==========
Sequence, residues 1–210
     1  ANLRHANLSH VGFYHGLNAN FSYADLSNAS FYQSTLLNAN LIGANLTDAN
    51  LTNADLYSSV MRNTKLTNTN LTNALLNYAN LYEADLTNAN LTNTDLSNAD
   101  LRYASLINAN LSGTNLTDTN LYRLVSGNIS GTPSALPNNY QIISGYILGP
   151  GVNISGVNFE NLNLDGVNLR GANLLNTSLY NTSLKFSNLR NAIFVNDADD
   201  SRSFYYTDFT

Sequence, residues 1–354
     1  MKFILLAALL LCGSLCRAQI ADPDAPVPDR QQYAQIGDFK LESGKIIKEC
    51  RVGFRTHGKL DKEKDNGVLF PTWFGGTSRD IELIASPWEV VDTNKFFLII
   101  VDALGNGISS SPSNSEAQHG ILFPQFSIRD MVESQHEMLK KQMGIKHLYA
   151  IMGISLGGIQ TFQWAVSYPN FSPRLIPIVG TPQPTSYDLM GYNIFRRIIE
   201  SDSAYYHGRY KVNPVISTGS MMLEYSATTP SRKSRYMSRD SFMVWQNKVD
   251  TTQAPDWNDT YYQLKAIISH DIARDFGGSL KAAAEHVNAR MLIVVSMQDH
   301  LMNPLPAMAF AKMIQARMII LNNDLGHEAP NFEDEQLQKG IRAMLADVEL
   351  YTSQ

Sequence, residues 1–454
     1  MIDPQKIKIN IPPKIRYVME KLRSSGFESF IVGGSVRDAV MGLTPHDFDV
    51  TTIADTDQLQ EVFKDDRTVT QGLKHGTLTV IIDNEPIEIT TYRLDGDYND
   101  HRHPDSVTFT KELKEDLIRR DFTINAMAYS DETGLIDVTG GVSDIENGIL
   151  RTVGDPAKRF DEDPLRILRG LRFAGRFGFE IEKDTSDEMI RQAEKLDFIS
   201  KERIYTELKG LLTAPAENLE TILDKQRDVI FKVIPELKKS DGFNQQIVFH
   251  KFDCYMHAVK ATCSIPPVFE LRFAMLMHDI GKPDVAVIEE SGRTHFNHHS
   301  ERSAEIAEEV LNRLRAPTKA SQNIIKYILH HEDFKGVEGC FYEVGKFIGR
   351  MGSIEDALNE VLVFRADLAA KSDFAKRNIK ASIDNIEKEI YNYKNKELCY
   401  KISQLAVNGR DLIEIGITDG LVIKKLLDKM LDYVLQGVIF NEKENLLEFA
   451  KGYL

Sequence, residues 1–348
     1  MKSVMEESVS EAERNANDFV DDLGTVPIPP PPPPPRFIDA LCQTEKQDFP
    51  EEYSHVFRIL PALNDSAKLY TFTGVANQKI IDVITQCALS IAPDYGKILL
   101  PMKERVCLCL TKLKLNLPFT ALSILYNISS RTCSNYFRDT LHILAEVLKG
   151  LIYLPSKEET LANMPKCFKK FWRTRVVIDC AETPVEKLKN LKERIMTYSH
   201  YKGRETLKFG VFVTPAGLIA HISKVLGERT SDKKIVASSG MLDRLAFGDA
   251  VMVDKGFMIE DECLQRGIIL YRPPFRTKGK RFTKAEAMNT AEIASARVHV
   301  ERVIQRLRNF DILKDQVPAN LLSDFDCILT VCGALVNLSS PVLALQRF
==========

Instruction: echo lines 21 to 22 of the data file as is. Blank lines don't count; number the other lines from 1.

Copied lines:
   201  KERIYTELKG LLTAPAENLE TILDKQRDVI FKVIPELKKS DGFNQQIVFH
   251  KFDCYMHAVK ATCSIPPVFE LRFAMLMHDI GKPDVAVIEE SGRTHFNHHS